Zoning to Scale: Considering Neighborhood Character
This event is part of the series Mastering the Metropolis: New York and Zoning, 1916-2016
Conceived by Department of City Planning in the 1980s, contextual zoning allows the City to regulate the height, bulk, setback, and street frontage of new buildings as a way to preserve neighborhood character. But how effective has contextual zoning been in encouraging residential and commercial development that fits in with the scale and character of existing buildings? Are there ways this tool can be improved to adapt to the city’s current housing needs and ever-present development pressures? Join us to discuss the enormous impact of contextual zoning on some of New York’s most iconic neighborhoods.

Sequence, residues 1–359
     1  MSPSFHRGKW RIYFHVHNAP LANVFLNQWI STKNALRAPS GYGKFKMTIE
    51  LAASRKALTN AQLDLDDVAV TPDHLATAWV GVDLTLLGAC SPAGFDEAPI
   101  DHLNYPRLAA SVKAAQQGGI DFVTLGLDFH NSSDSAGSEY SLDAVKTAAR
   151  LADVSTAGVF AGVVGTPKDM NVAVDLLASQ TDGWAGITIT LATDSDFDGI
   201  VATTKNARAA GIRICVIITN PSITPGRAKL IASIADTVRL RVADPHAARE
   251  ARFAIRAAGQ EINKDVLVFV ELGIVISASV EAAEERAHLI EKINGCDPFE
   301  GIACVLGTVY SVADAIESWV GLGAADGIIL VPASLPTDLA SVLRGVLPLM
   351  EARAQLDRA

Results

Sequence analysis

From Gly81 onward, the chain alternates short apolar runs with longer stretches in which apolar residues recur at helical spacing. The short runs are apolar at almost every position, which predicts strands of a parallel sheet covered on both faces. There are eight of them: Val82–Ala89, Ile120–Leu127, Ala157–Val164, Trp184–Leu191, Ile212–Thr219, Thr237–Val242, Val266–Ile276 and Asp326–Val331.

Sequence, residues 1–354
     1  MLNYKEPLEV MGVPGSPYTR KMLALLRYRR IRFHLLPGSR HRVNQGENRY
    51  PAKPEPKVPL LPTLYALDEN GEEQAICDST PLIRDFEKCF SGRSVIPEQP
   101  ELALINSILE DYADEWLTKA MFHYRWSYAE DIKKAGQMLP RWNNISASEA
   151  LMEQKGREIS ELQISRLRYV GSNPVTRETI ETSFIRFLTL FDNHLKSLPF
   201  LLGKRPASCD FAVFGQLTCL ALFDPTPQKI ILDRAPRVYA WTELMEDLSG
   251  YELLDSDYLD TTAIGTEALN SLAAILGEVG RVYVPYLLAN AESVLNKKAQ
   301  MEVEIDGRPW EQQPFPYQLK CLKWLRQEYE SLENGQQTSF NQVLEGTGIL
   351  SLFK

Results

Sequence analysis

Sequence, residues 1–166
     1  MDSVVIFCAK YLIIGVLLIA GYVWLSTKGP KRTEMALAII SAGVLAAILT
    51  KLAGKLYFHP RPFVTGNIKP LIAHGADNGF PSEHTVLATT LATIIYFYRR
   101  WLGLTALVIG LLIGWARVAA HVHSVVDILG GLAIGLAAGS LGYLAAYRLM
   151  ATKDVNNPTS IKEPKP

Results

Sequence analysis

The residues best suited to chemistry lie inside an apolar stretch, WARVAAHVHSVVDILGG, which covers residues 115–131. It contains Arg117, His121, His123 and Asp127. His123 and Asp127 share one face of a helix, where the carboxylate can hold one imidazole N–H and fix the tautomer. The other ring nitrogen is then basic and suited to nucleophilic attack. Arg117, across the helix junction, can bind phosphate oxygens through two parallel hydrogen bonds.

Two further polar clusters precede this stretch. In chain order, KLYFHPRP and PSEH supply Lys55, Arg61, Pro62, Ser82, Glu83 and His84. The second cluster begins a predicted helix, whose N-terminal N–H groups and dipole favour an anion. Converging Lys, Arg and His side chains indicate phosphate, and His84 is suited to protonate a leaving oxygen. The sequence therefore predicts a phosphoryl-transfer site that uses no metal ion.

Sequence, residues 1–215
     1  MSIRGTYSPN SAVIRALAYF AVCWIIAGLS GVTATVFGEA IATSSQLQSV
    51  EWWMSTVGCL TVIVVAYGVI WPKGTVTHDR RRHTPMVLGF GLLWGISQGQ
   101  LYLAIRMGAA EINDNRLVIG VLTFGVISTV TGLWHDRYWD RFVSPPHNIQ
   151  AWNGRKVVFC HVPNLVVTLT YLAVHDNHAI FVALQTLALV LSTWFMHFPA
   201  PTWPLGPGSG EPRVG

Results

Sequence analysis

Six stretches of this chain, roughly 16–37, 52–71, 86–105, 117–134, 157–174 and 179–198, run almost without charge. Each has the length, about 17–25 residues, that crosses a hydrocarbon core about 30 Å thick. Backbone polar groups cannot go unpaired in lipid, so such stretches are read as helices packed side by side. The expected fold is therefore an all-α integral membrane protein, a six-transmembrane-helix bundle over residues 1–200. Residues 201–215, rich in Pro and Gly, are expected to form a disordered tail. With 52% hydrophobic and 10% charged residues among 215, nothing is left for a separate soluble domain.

Simeon Bankoff, Executive Director, Historic Districts Council
Melinda Katz, Queens Borough President
Marcie Kesner, Planning and Development Specialist, Kramer Levin Naftalis & Frankel LLP
Ron Shiffman, Professor Emeritus, Pratt Graduate Center for Planning and the Environment and former NYC Planning Commissioner (1990-96)
Richard Barth (moderator), Executive Vice President for Land Use and Housing Strategies, Capalino+Company
Presented in collaboration with The Municipal Art Society.
1.5 LU AIA CES credits will be offered for attending this event.
$20 for adults | $15 for seniors, students & educators (with ID) | $10 for Museum members. Includes Museum admission.
To view all of the programs in conjunction with Mastering the Metropolis: New York and Zoning, 1916-2016, click here.
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Groups of 10 or more get discounts and priority seating, email or call us at email@example.com or 917-492-3395.